Philadelphia Eagles: Is Quarterback Michael Vick Really Injury Prone?

Dan AdamsCorrespondent IIIAugust 13, 2012

PHILADELPHIA, PA - AUGUST 09:   Michael Vick #7 of the Philadelphia Eagles warms up before a preseason game against the Pittsburgh Steelers at Lincoln Financial Field on August 9, 2012 in Philadelphia, Pennsylvania.  (Photo by Jeff Zelevansky/Getty Images)
Jeff Zelevansky/Getty Images

Philadelphia Eagles quarterback Michael Vick and his injuries are one of the most heavily scrutinized topics in the NFL

Vick has been one of the most exciting players to watch when he's been on his game the past two seasons as the starting quarterback for the Eagles, but his main issue has been staying healthy.

His history of missed games combined with his size—at around 6'0'' he's small for a quarterback—and his dual-threat style of play have led to many fans and experts labeling Vick as injury prone.

But is it fair to Vick to call him injury prone?

Injury prone is a label given to players who are prone to frequent injuries. For the most part those players struggle with ankle, knee, hamstring or foot injuries.

Those players tend to develop chronic issues and are at a much higher risk for re-injury. They miss a lot of time and have trouble stringing consecutive games together. 

Being injury prone can also mean not being able to take hits, a tag often given to small receivers and running backs who are one shot away from being out of commission. 

Although it's true that 2006 was the only NFL season that Vick completed all 16 games, calling him injury prone might be a bit of a stretch.

If you discount Vick's rookie season and the 2009 season, both years where he was not a full-time starter, Vick has played at least 12 games in every season except for one.

That season, 2003, Vick suffered a broken leg in the preseason. A broken leg, while a serious injury, isn't one that typically reoccurs. It's not a common injury and probably doesn't make Vick any more likely to be injured.

Vick also had three seasons of 15 games played for the Falcons in 2002, 2004 and 2005. Vick missed one game in each of those seasons, all due to injury.

But in Vick's defense he was the future and face of the Atlanta Falcons franchise, and as such there's a good chance that he was treated with kid gloves in regards to any injury.

It's possible that Vick could have played through those injuries if given the chance, but that the Falcons didn't want to risk it.

Since Vick has taken over for the Eagles has has been less durable, only appearing in 12 games each season and being limited even in those games, although that's not necessarily due to a lack of durability on Vick's part.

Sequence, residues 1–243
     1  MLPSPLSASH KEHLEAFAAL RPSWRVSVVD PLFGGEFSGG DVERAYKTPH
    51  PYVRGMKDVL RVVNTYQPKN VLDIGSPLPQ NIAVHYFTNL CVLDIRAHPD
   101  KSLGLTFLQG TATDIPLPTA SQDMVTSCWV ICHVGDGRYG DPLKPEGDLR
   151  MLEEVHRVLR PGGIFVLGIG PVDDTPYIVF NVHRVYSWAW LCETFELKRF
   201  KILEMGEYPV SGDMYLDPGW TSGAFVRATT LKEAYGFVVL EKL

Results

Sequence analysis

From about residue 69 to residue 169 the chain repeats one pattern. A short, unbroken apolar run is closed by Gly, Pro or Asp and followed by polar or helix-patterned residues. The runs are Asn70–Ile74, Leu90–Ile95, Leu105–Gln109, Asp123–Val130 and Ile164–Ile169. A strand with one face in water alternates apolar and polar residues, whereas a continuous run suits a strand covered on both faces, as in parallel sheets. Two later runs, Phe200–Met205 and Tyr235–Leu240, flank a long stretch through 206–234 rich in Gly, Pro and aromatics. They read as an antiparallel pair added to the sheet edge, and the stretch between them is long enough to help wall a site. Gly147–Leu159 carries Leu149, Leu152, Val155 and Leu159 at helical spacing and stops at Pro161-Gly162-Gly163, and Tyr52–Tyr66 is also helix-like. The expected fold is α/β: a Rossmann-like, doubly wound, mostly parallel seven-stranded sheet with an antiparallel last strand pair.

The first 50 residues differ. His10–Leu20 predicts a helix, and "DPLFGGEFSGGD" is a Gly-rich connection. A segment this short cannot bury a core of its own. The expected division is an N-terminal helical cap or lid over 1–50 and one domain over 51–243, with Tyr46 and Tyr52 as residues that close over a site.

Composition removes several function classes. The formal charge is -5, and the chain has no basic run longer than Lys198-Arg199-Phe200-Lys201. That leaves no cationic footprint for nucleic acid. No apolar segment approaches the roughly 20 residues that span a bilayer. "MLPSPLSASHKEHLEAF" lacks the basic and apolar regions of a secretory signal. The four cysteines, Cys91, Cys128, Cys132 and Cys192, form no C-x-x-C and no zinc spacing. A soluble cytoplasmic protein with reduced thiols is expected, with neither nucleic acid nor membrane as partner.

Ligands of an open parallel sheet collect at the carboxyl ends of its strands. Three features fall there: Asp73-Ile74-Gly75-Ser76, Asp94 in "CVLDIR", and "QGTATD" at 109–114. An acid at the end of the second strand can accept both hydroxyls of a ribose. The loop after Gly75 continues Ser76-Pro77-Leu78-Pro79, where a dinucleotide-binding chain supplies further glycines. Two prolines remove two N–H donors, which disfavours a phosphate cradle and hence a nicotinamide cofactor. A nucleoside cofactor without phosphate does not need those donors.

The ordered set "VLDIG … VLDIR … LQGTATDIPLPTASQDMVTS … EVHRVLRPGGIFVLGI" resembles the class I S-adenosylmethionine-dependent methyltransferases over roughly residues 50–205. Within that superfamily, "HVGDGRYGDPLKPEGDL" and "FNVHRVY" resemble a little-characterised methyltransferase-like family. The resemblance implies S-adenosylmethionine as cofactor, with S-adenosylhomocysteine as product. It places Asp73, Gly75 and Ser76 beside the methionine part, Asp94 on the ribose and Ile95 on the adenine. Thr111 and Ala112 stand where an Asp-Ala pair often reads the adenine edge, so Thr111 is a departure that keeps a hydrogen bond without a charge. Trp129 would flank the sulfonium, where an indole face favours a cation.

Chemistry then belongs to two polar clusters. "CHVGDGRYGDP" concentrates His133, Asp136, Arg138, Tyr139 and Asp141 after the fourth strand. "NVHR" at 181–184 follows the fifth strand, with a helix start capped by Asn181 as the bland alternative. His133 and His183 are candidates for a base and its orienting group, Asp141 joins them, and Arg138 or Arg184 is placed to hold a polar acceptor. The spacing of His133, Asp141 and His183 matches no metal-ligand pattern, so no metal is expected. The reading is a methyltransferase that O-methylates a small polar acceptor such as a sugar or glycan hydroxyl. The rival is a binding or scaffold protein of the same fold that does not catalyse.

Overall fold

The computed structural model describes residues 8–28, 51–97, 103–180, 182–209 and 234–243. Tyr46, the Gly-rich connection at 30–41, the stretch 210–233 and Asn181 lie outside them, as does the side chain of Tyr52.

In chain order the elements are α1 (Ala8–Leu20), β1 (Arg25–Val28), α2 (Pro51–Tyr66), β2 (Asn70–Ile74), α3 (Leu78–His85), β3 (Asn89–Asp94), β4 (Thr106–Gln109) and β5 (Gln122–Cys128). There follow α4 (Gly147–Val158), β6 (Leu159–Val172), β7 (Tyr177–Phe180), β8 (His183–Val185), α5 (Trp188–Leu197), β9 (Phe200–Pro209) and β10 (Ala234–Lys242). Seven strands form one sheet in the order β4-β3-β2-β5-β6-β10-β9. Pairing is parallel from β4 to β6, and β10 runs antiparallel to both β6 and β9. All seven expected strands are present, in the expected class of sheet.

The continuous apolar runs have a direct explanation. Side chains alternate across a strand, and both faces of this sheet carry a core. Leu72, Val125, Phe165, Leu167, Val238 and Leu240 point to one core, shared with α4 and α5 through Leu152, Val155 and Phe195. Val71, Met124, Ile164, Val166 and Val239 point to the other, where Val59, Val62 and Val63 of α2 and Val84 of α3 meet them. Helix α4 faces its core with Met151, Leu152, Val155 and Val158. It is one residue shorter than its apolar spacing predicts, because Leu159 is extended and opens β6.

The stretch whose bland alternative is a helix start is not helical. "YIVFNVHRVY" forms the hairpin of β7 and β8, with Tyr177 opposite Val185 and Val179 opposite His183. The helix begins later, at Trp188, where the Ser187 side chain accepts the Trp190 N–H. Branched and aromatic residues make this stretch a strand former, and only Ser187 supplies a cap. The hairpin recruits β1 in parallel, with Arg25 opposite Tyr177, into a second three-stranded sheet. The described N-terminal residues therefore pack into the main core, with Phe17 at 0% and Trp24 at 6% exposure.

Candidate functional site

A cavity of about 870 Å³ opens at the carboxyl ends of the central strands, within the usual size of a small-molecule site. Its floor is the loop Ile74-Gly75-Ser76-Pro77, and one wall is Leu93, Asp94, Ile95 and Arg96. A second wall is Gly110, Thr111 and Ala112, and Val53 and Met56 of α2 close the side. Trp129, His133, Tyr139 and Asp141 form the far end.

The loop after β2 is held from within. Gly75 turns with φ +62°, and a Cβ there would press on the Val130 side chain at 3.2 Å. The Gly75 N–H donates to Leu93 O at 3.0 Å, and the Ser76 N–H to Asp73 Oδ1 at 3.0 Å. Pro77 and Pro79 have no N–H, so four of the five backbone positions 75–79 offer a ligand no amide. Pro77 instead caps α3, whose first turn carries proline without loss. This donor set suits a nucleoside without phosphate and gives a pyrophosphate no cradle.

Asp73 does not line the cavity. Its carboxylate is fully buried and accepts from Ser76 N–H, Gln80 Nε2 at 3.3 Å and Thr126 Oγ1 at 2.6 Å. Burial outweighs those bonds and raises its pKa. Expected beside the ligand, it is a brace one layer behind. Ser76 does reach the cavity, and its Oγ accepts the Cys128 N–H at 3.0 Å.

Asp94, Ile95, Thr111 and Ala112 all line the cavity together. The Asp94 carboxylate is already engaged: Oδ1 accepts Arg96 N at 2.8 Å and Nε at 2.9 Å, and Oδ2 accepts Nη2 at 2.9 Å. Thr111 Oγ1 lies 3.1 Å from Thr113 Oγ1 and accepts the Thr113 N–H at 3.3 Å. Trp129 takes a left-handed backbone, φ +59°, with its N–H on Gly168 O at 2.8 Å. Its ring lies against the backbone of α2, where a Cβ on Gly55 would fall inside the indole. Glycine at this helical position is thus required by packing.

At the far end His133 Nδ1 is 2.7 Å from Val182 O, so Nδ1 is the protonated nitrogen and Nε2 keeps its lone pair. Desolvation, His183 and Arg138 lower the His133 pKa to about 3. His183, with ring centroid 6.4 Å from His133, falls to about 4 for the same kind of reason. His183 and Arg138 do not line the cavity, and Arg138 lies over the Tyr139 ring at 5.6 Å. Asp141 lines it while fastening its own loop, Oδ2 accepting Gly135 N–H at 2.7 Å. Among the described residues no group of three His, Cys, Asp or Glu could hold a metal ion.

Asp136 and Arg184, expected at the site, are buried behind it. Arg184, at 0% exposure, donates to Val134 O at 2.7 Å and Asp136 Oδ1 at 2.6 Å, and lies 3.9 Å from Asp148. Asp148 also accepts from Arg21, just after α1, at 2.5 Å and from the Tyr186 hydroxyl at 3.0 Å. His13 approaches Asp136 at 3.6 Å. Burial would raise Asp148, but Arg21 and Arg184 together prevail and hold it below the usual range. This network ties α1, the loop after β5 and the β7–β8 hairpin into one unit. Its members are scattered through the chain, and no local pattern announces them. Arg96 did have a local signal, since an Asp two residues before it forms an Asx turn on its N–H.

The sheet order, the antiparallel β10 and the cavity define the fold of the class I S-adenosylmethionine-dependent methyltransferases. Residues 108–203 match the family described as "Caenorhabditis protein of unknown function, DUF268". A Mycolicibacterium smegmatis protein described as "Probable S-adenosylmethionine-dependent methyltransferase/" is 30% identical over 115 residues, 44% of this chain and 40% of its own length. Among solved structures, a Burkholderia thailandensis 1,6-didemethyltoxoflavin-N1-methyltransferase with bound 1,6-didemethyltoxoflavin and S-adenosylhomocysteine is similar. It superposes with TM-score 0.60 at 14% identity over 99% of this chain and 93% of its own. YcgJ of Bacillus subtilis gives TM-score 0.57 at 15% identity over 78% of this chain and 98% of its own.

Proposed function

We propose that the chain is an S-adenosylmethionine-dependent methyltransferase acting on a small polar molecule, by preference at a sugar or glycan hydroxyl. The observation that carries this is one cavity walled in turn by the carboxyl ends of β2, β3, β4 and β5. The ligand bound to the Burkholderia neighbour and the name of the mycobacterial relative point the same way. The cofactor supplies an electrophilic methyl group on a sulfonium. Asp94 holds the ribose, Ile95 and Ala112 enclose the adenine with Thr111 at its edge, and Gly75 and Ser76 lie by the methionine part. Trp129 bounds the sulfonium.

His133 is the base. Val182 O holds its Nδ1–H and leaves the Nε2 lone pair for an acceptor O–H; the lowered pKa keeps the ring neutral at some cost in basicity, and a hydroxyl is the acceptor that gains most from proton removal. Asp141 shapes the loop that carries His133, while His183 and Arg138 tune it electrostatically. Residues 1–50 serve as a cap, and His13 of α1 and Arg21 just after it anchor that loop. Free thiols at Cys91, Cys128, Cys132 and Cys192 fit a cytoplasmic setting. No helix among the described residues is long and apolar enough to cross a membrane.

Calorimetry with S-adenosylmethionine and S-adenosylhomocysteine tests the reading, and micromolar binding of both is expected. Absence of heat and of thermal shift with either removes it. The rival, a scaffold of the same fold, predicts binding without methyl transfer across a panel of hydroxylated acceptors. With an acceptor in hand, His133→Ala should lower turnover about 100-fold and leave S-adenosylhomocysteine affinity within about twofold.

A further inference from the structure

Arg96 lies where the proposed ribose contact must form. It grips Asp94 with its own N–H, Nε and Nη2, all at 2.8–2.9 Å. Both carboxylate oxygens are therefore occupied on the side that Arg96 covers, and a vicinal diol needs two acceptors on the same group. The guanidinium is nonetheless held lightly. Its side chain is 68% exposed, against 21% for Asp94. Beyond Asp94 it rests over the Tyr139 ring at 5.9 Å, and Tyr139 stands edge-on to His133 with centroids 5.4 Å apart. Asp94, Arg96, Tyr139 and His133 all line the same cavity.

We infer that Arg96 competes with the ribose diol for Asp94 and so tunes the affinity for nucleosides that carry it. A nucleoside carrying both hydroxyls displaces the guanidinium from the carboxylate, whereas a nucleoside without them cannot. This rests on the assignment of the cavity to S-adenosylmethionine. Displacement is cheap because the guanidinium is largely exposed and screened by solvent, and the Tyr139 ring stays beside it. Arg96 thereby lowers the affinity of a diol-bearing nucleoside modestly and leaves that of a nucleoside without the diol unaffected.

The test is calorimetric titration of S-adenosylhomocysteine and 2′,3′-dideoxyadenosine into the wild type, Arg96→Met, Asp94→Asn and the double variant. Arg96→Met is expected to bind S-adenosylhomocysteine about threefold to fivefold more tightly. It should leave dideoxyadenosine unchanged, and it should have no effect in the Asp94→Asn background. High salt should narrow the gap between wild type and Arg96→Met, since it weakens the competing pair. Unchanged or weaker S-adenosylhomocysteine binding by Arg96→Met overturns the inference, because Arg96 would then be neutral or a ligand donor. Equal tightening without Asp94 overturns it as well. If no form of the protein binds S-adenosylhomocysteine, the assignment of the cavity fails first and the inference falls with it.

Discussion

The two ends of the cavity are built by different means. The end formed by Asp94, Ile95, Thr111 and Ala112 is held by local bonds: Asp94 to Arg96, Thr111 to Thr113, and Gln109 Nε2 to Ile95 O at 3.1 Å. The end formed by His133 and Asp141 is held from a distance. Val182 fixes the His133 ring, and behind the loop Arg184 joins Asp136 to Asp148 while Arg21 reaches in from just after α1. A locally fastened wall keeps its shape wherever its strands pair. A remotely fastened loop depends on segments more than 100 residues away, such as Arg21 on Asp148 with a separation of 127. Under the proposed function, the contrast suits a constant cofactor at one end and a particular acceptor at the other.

Vick takes a larger volume of hits than most quarterbacks for a variety of reasons. One of them being his tendency to extend plays with his feet coupled with his refusal to slide. That's on him, and it does make him more likely than most QBs to get injured.  

But there's also the typical breakdowns of the offensive line that lead to sacks and quarterback hits.

The Eagles had a good offensive line last season and Vick didn't take many of those hits, but coupling them with his rushing attempts add up to a lot of physical abuse.

The final contributor to Vick's injury problems are the way the referees view him. It's not an excuse, it's a fact that rushing quarterbacks are treated differently than pocket passers.

It's in the rules that once a QB becomes a runner and not a passer he is no longer treated as a protected quarterback. That means he can take bigger and harder hits without the defender needing to fear a flag.

Vick is different from Cam Newton and Tim Tebow, other prominent dual threat quarterbacks, in that he is smaller than them.

He is more a running back when he runs than they are, as they are closer to fullbacks or, at the very least, power backs. 

Vick's style of play and size do contribute to his injuries, but he's also been unlucky. He has now twice in two seasons hit his hand on an offensive lineman's helmet.

His injury against the Redskins when he was diving toward the endzone would have injured almost any skilled position player. He was crunched between two defensive players while he was in midair. 

Michael Vick has had his share of injury problems, but there isn't really any pattern in them. While his style of play may make him more likely to get injured than some QBs, it hasn't been his play style that's gotten him hurt every time. 

Calling Vick injury prone is unfair to him, and there's no reason he won't make it through all 16 games this season.

Unless, of course, he sits a few meaningless ones at the end if the Eagles can lock up the division early.